Here's an interesting statistic for baseball fans in the know to think over:
|Place in Division||Avg Record|
That is, the average team in first place in its division has a record of .607.
Once we know the average placement for every record, we can see who's getting screwed through unlucky division membership. Number one on our list: the Milwaukee Brewers, who continue to trade spots with St. Louis and the Chicago Cubs for 1st-3rd place in the NL Central. Right now the Brewers (with a .577 record) are in 1.37th place in the average baseball division, yet they hold third in the Central.
Two other unlucky teams have over a full place difference between their current place and where they would be in the average division:
Philadelphia (.556 and in 3rd in the NL East) places 1.64th place on average
Tampa Bay (.539 and in 3rd in the AL East) places 1.86th place on average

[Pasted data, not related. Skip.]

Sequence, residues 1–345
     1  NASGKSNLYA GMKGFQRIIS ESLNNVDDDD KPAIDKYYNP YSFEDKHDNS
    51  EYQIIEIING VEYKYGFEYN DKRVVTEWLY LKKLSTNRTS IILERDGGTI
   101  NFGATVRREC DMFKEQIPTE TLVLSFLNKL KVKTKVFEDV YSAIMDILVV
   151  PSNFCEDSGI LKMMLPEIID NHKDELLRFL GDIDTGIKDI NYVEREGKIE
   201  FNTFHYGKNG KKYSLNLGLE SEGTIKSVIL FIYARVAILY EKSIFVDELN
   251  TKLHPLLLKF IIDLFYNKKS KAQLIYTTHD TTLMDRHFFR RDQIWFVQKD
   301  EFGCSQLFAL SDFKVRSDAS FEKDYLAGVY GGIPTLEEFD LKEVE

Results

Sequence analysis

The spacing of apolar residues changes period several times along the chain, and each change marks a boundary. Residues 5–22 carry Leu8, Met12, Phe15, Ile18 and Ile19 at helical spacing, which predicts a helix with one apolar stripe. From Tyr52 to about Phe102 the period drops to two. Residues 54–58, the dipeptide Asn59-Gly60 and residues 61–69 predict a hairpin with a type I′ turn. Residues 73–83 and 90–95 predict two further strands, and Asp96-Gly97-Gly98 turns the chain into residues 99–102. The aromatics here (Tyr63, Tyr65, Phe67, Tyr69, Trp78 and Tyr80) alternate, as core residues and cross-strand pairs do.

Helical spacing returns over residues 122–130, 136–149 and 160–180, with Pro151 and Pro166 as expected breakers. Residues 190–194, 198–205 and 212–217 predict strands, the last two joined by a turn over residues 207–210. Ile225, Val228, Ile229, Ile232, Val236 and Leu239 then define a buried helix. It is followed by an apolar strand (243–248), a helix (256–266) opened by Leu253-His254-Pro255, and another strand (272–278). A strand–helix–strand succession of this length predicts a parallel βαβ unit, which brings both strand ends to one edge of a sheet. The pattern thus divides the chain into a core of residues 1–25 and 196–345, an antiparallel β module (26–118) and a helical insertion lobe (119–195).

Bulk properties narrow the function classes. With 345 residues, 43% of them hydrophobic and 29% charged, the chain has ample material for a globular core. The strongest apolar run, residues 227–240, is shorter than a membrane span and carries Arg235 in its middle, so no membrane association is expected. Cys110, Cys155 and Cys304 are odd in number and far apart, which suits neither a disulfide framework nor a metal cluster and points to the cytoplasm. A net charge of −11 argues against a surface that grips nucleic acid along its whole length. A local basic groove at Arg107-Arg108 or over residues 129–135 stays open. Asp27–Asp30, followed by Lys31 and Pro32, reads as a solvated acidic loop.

The lucky teams who actually deserve worse than they have?
Minnesota (in 2nd and really deserves 3.69th place)
Kansas City (exactly the same as Minnesota)
Los Angeles Dodgers (in 2nd and really deserves 3.2th place)
San Francisco (in 3rd and really deserves 4.19th place)
Here's the simple reason why the old league pennant was a great system: choosing playoff contenders through divisions is a yearly gamble. No division is the same, so Milwaukee gets screwed and Minnesota gets lucky. The pre-1969 pennant race, where each team played each other league opponent a set amount of times, was a perfectly fair method of choosing champions (forgetting, for the moment, inequality between AL and NL going into the World Series).
But as long as the public wants playoffs - and you know we do - we'll have to put up with the warts. Other major sports have tried to equalize a naturally unequal situation: hockey reseeds opponents between playoff round 1 and 2, and the NBA lets sixteen teams into the playoffs. Maybe baseball will have something up its sleeve someday.